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TAMING FIRST-DAY JITTERS FOR STUDENTS... AND THEIR PARENTS

 

The first day of school can be a little terrifying—for children AND their parents! As an educator, you can make this transition as smooth as possible by keeping a few things in mind. By easing stress students may have about so many changes happening at one time and ensuring parents you’ve provided a safe environment for students, everyone will find the first day of school a lot less scary that originally imagined. Here are a few classroom approaches you can take to calm those first-day jitters and get everyone’s school year off to a great start! 

 

Preschool and Kindergarten Strategies: 

 

Take It Slow!

Sometimes, it’s best to introduce little ones to big changes at a gradual pace. If children are starting preschool for the first time, classes can be split up with half of the class coming for the first part of the day and half of the class coming for the latter part of the day. This can provide a greater variety of pickup times for parents and ease stress over hectic schedules while also allowing little ones time to adapt to spending time with people they don’t fully know yet.

 

It’s Not a Goodbye; It’s See You Later! 

It’s important to establish that students’ parents aren’t leaving forever but simply coming back in a few hours. Helping families establish goodbye routines (a wave, hug, or kiss goodbye) is a great way to give students a proper send-off and reassure little ones that parents will return. It also helps cut down on lingering parents and acts as an opportunity to teach responsibility. Yes, mommy and daddy are leaving, but it’s to complete work just as students will be responsible for their own preschool jobs. Once complete, reassure children that parents will be back to pick them up and congratulate them on jobs well done!

 

Keep First Days Familiar!

A strategy as simple as allowing children to bring their favorite stuffed animal to school with them is a great way for children to still feel connected to home. This little piece of home will provide comfort in a way you can’t without knowing the child yet.  Another great alternative is having parents get involved by selecting and framing a family photo to take in for the first day. This can either be stored in cubbies or put on display at desks or in the front of the classroom where students can see them. By providing children with pictures, parents will feel more involved and assured that students have something to cling to while they are gone.

 

Keep in Touch

Many times, simply providing a line of open communication between you and parents will help ease parents’ nerves. Ensure you not only provide your contact information and that you know the best way to reach parents, but also that parents are aware of how best to contact you. Knowing you are responsive and only a phone call away will reassure parents and rid them of those needless first-day jitters.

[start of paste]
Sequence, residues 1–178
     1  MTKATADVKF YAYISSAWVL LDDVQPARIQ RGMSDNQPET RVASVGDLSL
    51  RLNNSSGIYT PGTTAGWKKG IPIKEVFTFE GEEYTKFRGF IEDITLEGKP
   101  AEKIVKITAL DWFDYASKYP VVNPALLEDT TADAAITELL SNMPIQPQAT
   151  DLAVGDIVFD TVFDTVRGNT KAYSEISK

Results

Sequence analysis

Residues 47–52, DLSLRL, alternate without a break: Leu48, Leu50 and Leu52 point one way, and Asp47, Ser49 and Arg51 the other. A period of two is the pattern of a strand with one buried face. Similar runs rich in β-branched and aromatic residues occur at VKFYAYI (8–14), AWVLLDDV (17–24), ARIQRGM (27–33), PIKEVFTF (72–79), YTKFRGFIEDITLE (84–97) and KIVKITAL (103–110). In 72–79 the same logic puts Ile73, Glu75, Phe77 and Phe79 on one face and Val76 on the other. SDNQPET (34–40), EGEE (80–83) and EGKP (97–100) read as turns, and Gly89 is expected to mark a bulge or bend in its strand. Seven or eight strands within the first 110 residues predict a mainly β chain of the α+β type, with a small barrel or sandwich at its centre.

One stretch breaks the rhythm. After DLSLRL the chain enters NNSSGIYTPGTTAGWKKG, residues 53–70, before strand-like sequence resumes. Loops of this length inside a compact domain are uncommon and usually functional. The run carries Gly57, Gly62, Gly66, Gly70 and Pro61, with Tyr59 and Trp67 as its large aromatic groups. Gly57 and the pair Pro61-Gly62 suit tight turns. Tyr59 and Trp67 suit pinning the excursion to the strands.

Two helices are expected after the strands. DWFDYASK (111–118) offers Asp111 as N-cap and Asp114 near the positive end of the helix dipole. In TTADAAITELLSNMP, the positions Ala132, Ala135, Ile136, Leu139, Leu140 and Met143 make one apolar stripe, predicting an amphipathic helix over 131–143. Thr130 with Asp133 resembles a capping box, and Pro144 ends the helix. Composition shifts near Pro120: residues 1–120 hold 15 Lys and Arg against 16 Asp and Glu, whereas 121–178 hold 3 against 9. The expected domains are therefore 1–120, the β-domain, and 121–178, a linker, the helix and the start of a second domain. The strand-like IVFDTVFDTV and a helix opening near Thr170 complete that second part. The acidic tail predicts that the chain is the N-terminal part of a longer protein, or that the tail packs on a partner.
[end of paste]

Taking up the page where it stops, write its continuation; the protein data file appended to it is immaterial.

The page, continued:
Elementary Strategies:

 

Summer Sharing!

Though show and tell is not quite the same across grade levels in elementary classes, it is always a great way to start classroom discussions and let students know they are not the only ones who are nervous! Having something familiar to talk about, whether it’s a family photograph or summer memento from a family vacation, will go a long way in loosening students up to feel more comfortable in a new learning environment.

 

Break out the Yearbooks!


Sometimes, sharing that you lived through the same experiences students are getting ready to go through is a great way to bond and make yourself more accessible to students. Bring in your old scrapbook or yearbook and share it with your students. Tell them about your positive experiences to reassure them about their own. It’s important for students to recognize that everyone goes through and adapts to life changes. 

 

Warm up with Ice Breakers!

Knowing a little more about your classmates always makes a classroom feel more welcoming. Especially when students find out they have so much in common! Make sure you allow time at the beginning of class for students to break into small groups and learn more about each other. Walk around and join the groups so that they not only get to know more about you, but also see you as being on the same level, as opposed to a scary authority figure!

 

Encourage Parents to Write Notes! 

Opening a lunch box to find a note from Mom will go a long way in decreasing first-day anxiety. Encourage the parents in your classroom who are worried about separation anxiety to write goodbye notes to send with children. It will calm children who feel stressed to be able to pull out the note, read it, and know their family is not far away.

 

Make Parents Feel Welcome! 

Having parents and incoming students visit the classroom before the first day of school is a great way to allow both to see the environment before they dive in. Set up times with parents to visit the school and classroom so they can meet with you before school starts. The scariest part is the unknown and putting a face to a name can do wonders in quelling unnecessary fears. Most schools will welcome the opportunity to give parents a quick tour. 

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